I had high hopes last night that I’d be able to spend this morning penning a thoroughly laudatory entry on Herzog’s Cobra Verde, which hasn’t received nearly the amount of ink as that other obscurity playing at New York’s IFC Center, Charles Burnett’s Killer of Sheep. But whether my underwhelming impression resulted from walking straight out of Sheep (yes, of course it’s great) and into Cobra, the end of a long day, or, most likely, the film’s borderline incoherence, there it is: Cobra Verde isn’t nearly as exhilarating as one would hope from the final, turbulent Herzog/Kinski collaboration.
This isn’t to say that it doesn’t have moments of the raw cinematic vitality evinced by Aguirre or Nosferatu, but where those films thrived on that held-breath feeling of sustained near-calamity (both within the films’ narratives and in the sense of their construction), Cobra Verde is more often just diffuse. This may, after all, have been the only way for this pair to wind up—it wasn’t likely that cinema would be lucky enough to catch Kinski spontaneously combusting into a pile of ash on camera, or that a calculator like Herzog would film himself committing homicide (though My Best Fiend comes tantalizingly close). Appropriate or no, the film’s flashes of intensity succumb in the end to overly elliptical plotting that may be the result of a conscious shift towards a more ethnographic mode of filmmaking, but it’s somewhat hard to be sure. Cobra as a whole exists in a similar vein to Where the Green Ants Dream, but I almost miss that earlier film’s attempts to shoehorn in story elements, hokey as they might have been.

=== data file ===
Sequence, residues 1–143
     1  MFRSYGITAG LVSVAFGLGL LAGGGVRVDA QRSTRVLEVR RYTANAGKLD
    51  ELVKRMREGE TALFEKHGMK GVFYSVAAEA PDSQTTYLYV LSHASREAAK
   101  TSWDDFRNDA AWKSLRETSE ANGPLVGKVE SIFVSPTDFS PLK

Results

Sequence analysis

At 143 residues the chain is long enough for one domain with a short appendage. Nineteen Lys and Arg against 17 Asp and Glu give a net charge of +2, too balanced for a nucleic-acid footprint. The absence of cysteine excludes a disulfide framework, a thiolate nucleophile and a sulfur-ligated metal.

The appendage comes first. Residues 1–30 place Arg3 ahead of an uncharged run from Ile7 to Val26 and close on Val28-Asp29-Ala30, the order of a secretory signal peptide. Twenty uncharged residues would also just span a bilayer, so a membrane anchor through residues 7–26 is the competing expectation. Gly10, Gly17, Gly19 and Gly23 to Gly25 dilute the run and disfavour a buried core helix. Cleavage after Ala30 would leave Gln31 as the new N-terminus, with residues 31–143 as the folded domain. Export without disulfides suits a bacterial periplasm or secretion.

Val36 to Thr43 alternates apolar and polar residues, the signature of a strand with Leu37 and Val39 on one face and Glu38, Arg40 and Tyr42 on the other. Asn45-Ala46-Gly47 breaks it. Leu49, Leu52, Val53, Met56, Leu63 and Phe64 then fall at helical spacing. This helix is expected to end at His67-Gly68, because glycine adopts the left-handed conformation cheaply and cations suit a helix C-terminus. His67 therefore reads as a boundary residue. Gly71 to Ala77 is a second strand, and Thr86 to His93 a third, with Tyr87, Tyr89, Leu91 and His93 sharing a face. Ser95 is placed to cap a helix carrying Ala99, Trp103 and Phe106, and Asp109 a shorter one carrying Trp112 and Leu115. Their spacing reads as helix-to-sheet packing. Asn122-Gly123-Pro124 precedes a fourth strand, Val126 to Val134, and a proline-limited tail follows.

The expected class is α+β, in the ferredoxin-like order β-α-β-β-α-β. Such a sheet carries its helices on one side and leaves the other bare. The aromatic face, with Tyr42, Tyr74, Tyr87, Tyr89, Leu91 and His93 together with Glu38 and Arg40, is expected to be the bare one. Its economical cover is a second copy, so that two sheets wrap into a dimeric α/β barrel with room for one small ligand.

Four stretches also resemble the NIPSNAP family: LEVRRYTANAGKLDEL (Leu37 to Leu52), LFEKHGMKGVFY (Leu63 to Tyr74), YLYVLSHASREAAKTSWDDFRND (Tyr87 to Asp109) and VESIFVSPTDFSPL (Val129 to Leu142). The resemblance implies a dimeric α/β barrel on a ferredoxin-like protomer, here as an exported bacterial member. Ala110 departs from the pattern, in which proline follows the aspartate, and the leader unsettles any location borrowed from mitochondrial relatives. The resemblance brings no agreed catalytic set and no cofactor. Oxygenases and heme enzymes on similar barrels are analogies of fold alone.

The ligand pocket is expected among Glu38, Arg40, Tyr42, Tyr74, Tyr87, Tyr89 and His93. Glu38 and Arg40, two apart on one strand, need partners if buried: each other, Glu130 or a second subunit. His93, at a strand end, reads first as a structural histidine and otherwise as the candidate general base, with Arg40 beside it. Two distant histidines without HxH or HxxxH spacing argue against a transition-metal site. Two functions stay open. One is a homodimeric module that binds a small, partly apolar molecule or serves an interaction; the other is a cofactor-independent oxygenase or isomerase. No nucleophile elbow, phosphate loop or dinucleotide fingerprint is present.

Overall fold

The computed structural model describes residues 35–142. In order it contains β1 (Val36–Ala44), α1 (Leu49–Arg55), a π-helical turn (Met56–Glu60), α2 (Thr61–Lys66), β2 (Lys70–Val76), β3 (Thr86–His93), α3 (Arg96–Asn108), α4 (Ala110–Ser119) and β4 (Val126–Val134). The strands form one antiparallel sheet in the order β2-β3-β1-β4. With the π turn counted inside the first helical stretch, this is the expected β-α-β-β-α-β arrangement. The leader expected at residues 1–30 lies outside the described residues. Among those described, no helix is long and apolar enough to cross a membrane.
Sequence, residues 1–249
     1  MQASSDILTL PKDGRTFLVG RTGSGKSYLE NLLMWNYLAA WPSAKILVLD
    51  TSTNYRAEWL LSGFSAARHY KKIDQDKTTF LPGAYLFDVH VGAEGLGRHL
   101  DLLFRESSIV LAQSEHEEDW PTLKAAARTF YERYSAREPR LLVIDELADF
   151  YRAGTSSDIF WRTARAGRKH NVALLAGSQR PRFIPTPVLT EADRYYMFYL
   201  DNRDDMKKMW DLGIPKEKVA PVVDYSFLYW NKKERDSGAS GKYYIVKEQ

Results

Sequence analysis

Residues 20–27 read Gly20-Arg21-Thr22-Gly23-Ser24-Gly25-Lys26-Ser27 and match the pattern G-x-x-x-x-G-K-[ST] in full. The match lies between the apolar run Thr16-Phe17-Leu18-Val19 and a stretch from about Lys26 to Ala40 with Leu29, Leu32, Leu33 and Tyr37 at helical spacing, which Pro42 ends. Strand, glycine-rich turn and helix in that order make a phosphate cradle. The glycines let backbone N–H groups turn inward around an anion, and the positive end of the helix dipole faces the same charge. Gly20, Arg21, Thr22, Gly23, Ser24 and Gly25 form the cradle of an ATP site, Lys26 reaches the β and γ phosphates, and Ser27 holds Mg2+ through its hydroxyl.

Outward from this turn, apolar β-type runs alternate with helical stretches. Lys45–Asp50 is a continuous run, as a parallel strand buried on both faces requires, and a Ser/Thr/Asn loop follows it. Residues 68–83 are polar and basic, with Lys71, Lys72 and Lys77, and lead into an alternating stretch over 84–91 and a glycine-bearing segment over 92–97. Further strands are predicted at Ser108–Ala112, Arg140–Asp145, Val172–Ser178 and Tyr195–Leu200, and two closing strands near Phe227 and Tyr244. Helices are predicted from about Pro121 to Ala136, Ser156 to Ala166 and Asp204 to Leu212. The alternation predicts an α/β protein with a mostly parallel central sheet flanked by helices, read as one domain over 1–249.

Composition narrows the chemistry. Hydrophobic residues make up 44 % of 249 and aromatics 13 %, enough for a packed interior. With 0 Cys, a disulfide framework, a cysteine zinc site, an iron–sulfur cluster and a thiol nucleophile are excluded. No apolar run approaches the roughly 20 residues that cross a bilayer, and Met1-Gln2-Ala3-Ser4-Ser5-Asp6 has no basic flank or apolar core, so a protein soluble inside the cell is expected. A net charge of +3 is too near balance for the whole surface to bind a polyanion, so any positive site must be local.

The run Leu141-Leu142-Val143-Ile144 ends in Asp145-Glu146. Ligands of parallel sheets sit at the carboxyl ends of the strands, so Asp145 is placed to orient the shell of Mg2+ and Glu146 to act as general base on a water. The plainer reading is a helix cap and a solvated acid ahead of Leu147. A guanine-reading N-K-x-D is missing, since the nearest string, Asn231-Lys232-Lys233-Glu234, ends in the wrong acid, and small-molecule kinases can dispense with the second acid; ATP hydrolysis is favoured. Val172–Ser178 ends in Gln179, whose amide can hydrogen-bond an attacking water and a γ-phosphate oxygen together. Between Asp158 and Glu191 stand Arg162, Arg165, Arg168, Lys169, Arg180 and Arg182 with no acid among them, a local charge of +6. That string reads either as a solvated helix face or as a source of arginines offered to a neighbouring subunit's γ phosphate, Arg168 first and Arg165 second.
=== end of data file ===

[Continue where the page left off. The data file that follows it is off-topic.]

Check it out for the battle sequences and Kinski’s lingering death (almost worth the price of admission in itself), though if you had to pick between this and, say, Killer of Sheep, the choice should be obvious. Even so, the print’s lovely, and will probably tour around (keep in mind that Cobra’s been available for a while in DVD form), thus continuing that 25-years-too-late Werner Herzog party that started around the release of Grizzly Man. The attention’s welcome, but perhaps a bit misplaced—how about a new print of Stroszek, Nosferatu, or Heart of Glass?